UN, FG, others canvass better deal for journalists
As the International Day to End Impunity for Crimes Against Journalists holds today, United Nations (UN) Secretary-General, Antonio Guterres, has called on governments and global community to take necessary steps in shielding reporters from imprisonment, violence and death.
In his goodwill message, Guterres noted that a free press remained vital to functioning democracy, exposing wrongdoing, navigating the complex world and advancing the Sustainable Development Goals (SDGs).
The United Nations Plan of Action on Safety of Journalists aims to create a safe and free environment for all media workers.
He said: “Yet, more than 70 journalists have been killed this year simply for fulfilling this role in society. Most of these crimes go unsolved. Meanwhile, a record number of journalists are incarcerated today, while threats of imprisonment, violence and death keep growing.
“As we mark its 10th anniversary, I call on governments and the international community to take the necessary steps to protect our journalists. We must end a common culture of impunity and enable journalists to do their essential work.”
The UN scribe observed that a surge in disinformation, online bullying and hate speech, particularly against women journalists, was contributing to stifling of media workers around the world.
He stressed that intimidation through abuse of legal, financial and other means was undermining efforts to hold the powerful accountable for overall benefit of the society.
BESIDES, the International Press Centre (IPC) has confirmed ‘no fewer than 40 incidents of press freedom attacks on 49 journalists in the year 2021 alone in Nigeria’.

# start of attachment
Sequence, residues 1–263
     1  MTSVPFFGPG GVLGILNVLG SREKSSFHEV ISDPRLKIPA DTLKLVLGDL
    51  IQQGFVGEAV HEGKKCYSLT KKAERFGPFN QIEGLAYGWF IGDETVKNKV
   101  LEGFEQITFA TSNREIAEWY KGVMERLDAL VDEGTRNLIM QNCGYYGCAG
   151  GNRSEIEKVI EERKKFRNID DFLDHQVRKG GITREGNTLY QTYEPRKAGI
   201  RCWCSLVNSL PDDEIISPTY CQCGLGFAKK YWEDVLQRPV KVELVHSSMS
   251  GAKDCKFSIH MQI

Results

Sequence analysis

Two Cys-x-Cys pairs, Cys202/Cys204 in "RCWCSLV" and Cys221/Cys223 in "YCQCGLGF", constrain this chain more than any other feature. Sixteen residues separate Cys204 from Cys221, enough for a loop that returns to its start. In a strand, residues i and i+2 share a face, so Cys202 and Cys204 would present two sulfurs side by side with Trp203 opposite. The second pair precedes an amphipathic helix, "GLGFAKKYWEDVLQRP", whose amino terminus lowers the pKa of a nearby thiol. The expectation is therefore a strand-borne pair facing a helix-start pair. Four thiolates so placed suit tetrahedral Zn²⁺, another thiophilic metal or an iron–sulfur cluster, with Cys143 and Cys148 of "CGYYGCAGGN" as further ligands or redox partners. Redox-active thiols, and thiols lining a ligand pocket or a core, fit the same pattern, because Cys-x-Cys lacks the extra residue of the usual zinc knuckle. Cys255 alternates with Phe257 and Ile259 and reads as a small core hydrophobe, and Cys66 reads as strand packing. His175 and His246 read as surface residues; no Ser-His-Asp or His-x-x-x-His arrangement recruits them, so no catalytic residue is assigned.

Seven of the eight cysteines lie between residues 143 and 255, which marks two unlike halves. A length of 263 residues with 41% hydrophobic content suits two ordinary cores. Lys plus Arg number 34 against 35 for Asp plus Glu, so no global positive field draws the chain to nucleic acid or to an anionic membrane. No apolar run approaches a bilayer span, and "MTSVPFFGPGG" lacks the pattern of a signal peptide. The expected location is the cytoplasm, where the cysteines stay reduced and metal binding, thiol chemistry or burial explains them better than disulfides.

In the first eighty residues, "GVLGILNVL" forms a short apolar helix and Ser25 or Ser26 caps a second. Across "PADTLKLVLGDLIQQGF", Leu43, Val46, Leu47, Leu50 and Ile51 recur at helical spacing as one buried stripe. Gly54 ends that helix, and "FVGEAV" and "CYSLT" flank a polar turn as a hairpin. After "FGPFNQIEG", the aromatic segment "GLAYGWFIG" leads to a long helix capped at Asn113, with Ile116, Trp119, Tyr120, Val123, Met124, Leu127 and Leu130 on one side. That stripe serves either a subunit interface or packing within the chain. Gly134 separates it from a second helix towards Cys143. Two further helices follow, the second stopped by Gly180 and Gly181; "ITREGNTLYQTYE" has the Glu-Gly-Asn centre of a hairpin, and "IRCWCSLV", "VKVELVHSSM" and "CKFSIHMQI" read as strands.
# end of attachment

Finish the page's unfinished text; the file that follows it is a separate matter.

According to the International Press Institute (IPI), in 2021 alone, 45 journalists were killed across the world, 28 slain in retaliation for their work, three eliminated, while covering armed conflicts, one assassinated in line of duty, two died while covering civil unrests, while 11 deaths are under investigation.
The top four nations with the most killings of media practitioners in the year under review were Mexico with (seven), Afghanistan (six), India (six) and Democratic Republic of Congo (three).
IPI regretted that “vast majority of the killings around the world go unpunished, emboldening further violence and casting a chilling effect over the press everywhere.”
FURTHER, Chairperson of Nigeria Association of Women Journalists (NAWOJ), Lagos State chapter, Adeola Ekine, yesterday, called on the Federal Government to protect media personnel, enthrone safer work environment and promote freedom of speech.
Her words: “Some journalists stop at nothing to report the truth. Unfortunately, reporting facts cost some their lives. Journalists have died for seeking the truth and relaying it to the public.
Some suffered torture. Others were severely injured, imprisoned and harassed.” She continued: “Women reporters suffer sexual assault but unfortunately, the punishment for people who commit violence against journalists is too lenient.”
ALSO yesterday, Attorney-General of the Federation and Minister of Justice, Abubakar Malami (SAN), reiterated government’s commitment to end impunity against journalists, especially as the presidential election draws nearer.
He said this would be done through administration of legal justifiable approaches on perpetrators to serve as deterrent to others.
Malami spoke yesterday at a policy dialogue to mark the global event with the theme, ‘Media Civil Society and Violence-free Election in Nigeria’.
He noted: At the centre of election-related violence are voters, media practitioners and civil society organisations. In addition to the mainstream media, CSOs prove to be essential components of advocates for democratisation process in the country.
“The social media, which are also used by CSOs, remain essential tool for mass mobilisation, enlightenment, advocacy and election monitoring.”